Saturday, 16 April 2016

Alberta Budget 2016

Why is the Alberta government in a situation where there expenditures are far in excess of their revenues?

The fact that the government's revenues do not meet their expenditures has forced the government to run a 10 billion dollar deficit, but why is this happening now? Many will blame excessive government expenditures, but the government did not suddenly add 10 billion in expenditures. Some will blame the price of oil and the sudden drop in oil revenues, and this is true, but is this the "cause" or is this a symptom?

Money is created as debt. When the price of oil was over, or near, $100 a barrel, the oil companies were taking on massive amounts of debt in order to build new projects in the Alberta oilsands and elsewhere (of course nobody was complaining when these companies were taking on all this debt, nor were they complaining about the salaries of the oil workers and their bonuses). The fact that the oil companies borrowed money for projects led the banks to create new money (every loan creates a deposit), and this new money was distributed to employees as wages, salaries and dividends. Further, consumers were taking on more debt as they saw their wages rising. In total, private debt was growing (business and consumer debt), and the government was in a situation where it's revenues exceed its expenditures and it was able to pay down its debt.

Now the price of oil has plummeted to less than half the price it was over a year ago. This has forced oil companies, and those that service oil companies to not only stop taking on additional debt (there are no more new mega projects being built in the oilsands), but they also are desperately trying to pay off their outstanding debt. This of course reduces the money supply. Now government revenues are less than they once were by a substantial amount,and this forces the government to take on additional debt to keep operating and providing the same services they once did.

In other words, the system cannot operate without ever increasing debt, whether that debt is private or public. A professor once told me that when explaining accounting to a class of economics students he told them that a balanced budget is equilibrium (ie. supply equals demand). But as we see, all the budgets in an economy cannot balance simultaneously, so aggregate demand never equals aggregate supply. If the government were to slash its spending in order to now balance it's budget, this would force businesses to either take on more debt, or declare bankruptcy in order to wipe out their debt. So the economy must not be in equilibrium if we have to take on ever increasing debt in order to make it function. The economy must be in a continuous state of disequilibrium.


In a letter to William Aberhart, C. H. Douglas wrote:


M.L.A., B.A.

Premier of Alberta, Edmonton, Alberta, Canada.

Strictly Confidential to Executive Council of



This seems to be a suitable occasion on which to

emphasise the proposition that a Balanced Budget

is quite inconsistent with the use of Social Credit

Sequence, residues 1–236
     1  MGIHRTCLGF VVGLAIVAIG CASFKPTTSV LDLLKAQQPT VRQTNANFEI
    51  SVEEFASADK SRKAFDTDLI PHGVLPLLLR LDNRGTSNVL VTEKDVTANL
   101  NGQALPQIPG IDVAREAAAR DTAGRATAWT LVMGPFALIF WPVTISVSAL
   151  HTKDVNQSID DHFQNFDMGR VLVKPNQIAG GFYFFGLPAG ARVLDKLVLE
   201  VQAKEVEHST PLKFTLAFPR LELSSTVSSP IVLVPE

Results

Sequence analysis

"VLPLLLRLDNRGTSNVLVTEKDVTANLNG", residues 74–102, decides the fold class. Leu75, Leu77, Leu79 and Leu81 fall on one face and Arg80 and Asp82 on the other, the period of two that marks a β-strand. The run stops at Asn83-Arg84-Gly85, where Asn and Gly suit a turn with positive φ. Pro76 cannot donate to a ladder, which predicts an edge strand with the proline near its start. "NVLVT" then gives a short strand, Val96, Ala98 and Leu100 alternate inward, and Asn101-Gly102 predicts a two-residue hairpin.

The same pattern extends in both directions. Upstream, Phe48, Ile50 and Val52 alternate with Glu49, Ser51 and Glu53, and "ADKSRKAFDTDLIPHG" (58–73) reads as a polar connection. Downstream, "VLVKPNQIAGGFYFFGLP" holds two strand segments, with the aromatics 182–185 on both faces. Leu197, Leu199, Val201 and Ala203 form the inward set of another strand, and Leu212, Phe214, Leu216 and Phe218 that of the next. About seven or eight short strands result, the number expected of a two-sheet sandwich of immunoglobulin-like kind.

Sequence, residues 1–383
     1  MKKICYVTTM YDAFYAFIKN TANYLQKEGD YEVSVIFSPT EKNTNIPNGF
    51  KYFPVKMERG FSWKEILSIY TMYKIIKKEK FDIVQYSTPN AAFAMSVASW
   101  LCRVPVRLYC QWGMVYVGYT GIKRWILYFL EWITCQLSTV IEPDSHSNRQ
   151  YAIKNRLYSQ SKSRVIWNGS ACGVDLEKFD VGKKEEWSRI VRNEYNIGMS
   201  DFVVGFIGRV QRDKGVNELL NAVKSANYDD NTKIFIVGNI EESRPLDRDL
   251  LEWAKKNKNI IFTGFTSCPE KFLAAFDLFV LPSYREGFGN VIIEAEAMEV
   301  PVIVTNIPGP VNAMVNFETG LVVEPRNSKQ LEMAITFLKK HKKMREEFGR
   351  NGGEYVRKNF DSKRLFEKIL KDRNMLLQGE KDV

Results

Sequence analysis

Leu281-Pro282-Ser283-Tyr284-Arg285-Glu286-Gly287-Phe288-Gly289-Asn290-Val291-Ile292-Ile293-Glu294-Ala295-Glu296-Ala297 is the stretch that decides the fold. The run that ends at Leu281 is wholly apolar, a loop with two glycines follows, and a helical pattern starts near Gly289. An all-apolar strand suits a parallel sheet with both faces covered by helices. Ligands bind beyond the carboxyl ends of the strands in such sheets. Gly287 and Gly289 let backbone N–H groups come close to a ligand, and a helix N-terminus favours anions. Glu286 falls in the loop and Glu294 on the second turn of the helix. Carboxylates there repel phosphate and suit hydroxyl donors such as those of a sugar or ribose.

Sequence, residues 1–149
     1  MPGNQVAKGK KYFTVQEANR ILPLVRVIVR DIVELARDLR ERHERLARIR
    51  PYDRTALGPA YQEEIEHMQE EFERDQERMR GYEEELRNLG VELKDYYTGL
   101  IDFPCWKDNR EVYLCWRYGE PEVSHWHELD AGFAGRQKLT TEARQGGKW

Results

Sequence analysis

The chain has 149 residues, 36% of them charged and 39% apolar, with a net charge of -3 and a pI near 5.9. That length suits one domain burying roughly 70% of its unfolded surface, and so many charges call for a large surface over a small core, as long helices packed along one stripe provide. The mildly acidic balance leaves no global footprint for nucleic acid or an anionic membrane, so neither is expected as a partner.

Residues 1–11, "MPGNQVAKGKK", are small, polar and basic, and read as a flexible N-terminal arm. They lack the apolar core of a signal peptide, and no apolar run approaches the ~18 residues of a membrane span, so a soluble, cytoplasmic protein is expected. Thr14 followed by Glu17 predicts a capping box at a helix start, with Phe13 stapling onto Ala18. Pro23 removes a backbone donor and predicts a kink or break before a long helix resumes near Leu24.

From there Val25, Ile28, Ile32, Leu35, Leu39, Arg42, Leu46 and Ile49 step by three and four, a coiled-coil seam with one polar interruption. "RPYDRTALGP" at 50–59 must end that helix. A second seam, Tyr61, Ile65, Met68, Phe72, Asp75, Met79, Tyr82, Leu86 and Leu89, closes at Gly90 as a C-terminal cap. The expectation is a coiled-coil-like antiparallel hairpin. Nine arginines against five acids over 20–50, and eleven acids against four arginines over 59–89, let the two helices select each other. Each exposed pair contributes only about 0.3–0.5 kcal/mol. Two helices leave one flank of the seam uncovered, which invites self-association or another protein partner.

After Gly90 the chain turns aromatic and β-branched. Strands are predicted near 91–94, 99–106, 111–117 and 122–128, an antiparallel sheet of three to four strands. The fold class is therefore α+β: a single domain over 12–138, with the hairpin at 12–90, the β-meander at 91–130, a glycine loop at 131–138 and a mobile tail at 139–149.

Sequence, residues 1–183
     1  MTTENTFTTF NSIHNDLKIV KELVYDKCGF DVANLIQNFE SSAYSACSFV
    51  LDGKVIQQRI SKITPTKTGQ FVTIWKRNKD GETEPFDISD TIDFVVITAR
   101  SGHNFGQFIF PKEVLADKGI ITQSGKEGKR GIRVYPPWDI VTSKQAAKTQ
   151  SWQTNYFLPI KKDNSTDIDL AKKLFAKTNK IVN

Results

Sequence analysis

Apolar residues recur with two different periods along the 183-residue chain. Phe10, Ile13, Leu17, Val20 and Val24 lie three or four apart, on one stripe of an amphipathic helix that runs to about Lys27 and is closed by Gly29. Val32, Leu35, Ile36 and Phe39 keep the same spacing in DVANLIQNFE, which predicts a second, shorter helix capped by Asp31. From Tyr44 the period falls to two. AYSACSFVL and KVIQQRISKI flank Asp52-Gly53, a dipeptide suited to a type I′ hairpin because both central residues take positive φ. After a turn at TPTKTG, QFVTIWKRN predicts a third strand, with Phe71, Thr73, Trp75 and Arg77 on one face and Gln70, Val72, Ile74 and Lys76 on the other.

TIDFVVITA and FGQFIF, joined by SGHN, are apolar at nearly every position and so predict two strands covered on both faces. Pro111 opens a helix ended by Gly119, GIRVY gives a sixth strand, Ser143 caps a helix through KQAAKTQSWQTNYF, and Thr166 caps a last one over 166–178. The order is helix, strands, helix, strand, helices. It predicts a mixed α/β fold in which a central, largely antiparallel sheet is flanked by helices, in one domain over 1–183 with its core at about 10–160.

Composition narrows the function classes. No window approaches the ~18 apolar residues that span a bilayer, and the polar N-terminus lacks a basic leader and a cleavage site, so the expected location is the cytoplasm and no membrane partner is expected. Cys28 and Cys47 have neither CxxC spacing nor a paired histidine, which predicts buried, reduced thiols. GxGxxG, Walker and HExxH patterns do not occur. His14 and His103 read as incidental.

[i.e., Real Credit--the ability to deliver goods and

services “as, when and where required”] in the

modern world, and is simply a statement in

accounting figures that the progress of the

country is stationary, i.e., that it consumes

exactly what it produces, including capital assets.

The result of the acceptance of this proposition is

that all capital appreciation becomes quite

automatically the property of those who create an

issue of money [i.e., the banking system] and the

necessary unbalancing of the Budget is covered

by Debts.

C. H. Douglas

London, England"

In other words, the banks control the ability to monetize physical capital (machines etc..), and the ability to do so only comes at the price of additional debt to the banks. As we become richer, we become further indebted to the banks for the use of the physical capital we created. That is the essence of servitude, and the cause of poverty in the midst of plenty.


Anonymous said...

Socred - You wrote "money is created as debt". One often comes across macro-economic arguments along the lines of: financial debt does not matter much, so long as we can pay our way; or, no need to worry about debt as the value of our assets are greater than the debt.

Do you have a social credit counter-argument to the above?

Thank you.

Socred said...

First, obviously we're not "paying our way" if aggregate debt keeps increasing. If the debt were all government debt to its own Central Bank,then it wouldn't really matter in terms of the amount of the debt, because it would simply be a debt to ourselves, and the government could continuously roll over its debt. But if that debt is owed to private banks, the dividends may be paid to non-citizens of the country of origin of the debt, and there's no guarantee they will continue to buy the government debt, so the government has no guarantee that it can continuously roll it over. I hope this answers your question.

Anonymous said...

Appreciated - thank you.

However, could you please clarify the statement 'money is created as debt'. Does this include bank-notes and coins? The average person can understand bank credit is debt, but bank-notes?

Many thanks.